Taking it in turns to lug the world’s heaviest bed linen across town, we headed to Jenners, that ancient bastion of Princes St which we hoped would be filled with gorgeous flower girl dresses that didn’t cost a million pounds. Entering through a secret back door which only my mother seemed to know about, we quickly found ourselves utterly lost in Menswear, en route to our first, critical port of call – the loos. A sign beside a lift informed us that the toilets were located on the 4th floor but said lift inexplicably only travelled to the 2nd floor and spat us out nowhere near the correct staircase that led our destination. After roaming despondently through Formal Ladieswear, stopping briefly to try on ill-fitting garments, we chanced upon another lift which a cheerful assistant informed us would have taken us to the 4th floor had it not been out-of-order. The loo situation becoming desperate, we dragged our tired and aching bodies (AND mum’s sodding sheets) up the final four flights of stairs, praying that mum’s demands for a defibrillator were merely for effect.

Kathy Bates, Misery

Suitably relieved (in the nick of time), we continued our journey to Children’s Wear. This involved several more fruitless lift journeys and at one point we found ourselves in a creepy basement which seemed to echo with the despondent wails of previous lost shoppers. That turned out to be my sister who was slowly losing the will to live and was coming close to calling off the wedding and eloping.  Needless to say, when we eventually found the kids department there was bugger all choice and even that had a price tag of over £200.  We consoled ourselves over piss-weak, lukewarm tea and a dry scone in Jenners cafe (naturally located on the fucking 5th floor) and bonded over our nightmarish experience, vowing to never cross that shop’s threshold again.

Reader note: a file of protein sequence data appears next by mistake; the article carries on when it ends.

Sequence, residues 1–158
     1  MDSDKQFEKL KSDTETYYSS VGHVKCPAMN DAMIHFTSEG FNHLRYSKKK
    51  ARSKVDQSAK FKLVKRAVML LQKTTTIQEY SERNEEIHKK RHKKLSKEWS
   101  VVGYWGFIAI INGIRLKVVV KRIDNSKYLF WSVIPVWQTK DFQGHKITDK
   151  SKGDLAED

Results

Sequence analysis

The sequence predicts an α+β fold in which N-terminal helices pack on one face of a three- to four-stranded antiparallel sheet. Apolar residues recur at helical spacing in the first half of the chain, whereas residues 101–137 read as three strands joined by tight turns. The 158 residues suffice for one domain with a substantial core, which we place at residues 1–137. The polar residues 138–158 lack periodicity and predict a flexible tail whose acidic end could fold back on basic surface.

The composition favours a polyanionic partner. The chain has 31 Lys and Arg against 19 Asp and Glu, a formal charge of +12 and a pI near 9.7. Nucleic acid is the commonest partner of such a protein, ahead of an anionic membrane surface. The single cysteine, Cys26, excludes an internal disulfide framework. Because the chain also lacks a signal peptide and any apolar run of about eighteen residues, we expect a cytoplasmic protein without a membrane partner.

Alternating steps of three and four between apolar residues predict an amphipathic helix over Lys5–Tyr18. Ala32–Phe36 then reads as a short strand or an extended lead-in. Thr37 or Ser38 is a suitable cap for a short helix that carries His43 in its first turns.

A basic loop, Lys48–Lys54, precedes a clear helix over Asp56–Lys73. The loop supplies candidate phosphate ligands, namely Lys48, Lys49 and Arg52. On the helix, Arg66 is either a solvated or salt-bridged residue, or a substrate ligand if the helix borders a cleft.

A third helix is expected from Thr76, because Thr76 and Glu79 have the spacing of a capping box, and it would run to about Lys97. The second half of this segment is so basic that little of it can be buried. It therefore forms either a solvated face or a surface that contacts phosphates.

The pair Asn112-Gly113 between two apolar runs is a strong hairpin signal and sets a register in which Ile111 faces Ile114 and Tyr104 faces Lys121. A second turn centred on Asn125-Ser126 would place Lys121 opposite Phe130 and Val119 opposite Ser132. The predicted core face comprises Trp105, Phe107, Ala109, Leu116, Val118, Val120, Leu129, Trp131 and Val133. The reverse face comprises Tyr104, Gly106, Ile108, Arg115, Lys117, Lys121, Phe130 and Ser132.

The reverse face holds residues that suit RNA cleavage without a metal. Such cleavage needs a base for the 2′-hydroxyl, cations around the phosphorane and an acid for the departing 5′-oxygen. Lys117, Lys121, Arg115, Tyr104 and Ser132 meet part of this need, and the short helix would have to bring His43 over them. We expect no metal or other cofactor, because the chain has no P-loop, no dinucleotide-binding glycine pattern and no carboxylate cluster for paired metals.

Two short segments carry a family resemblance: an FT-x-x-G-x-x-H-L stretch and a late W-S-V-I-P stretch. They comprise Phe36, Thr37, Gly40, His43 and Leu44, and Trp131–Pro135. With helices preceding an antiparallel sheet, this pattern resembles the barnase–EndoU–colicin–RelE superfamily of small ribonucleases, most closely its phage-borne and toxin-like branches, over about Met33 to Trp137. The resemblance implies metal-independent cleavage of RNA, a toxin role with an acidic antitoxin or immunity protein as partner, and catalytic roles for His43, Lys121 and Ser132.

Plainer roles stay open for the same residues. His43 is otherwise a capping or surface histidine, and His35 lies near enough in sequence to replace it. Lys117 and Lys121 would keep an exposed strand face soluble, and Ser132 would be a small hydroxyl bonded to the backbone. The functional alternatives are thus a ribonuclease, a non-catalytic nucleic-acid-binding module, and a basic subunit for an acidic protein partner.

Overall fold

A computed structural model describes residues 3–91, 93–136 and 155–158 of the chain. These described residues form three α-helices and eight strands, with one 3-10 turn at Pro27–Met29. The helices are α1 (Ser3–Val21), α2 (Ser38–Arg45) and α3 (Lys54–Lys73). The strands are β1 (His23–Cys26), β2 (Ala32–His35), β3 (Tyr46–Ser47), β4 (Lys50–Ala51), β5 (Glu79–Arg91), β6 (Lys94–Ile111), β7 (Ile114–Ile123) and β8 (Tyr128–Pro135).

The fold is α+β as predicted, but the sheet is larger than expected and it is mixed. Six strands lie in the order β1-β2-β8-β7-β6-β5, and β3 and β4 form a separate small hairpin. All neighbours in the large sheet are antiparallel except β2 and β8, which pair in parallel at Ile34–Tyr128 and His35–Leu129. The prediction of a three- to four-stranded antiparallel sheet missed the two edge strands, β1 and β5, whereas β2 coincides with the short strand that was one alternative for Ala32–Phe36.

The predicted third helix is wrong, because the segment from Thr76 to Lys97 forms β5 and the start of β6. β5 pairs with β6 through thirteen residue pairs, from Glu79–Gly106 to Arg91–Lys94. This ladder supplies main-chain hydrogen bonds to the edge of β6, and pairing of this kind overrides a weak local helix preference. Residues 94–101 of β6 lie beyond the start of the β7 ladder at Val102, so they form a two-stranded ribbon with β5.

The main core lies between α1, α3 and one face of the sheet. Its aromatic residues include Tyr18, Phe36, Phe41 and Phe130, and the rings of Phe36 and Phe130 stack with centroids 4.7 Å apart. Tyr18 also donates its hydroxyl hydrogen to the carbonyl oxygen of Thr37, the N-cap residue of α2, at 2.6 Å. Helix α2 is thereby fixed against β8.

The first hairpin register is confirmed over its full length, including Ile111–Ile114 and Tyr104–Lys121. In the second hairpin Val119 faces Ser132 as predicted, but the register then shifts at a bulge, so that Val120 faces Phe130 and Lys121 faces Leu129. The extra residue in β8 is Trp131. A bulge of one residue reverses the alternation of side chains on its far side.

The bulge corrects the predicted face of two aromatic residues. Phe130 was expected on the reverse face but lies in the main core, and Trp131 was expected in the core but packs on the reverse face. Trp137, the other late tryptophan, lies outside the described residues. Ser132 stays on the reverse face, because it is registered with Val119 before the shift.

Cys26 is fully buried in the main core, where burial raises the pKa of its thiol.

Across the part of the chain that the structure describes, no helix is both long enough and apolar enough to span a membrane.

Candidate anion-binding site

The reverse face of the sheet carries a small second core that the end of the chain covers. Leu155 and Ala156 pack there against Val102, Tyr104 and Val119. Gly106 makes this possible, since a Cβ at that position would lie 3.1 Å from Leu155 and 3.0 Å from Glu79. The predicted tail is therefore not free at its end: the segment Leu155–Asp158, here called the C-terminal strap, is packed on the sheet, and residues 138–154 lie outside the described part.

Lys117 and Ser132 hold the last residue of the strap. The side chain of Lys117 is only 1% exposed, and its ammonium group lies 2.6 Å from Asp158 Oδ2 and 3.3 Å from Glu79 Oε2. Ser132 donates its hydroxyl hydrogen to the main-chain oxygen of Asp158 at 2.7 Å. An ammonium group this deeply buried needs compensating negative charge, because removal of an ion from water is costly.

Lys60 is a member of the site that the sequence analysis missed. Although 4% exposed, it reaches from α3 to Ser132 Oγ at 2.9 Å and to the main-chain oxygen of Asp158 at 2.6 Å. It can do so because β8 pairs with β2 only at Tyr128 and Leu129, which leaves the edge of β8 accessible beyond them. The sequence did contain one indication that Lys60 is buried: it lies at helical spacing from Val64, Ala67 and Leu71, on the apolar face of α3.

I’ve never been so relieved to return to our retail-void in the arse-end of nowhere where frankly, if the Factory Shop doesn’t stock it, you probably don’t need it.

**Don’t even ask

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  1. Hang on a second I’m just wiping away the tears…..of mirth. This is brilliant Emma, and having met Sue all the more hilarious for it. You know my feelings about bras, I feel your paln quite literally. I’m sorry about the dress fiasco, Monsoon kids maybe? Or Debenhams or BHS? Or wellies and trackies maybe? Promise me you’ll do more updates, So excited for Sarah and the Roberts Clan.

  2. SO funny! Can’t stand shopping myself so decided on a personal shopper experience. Could write a book about that!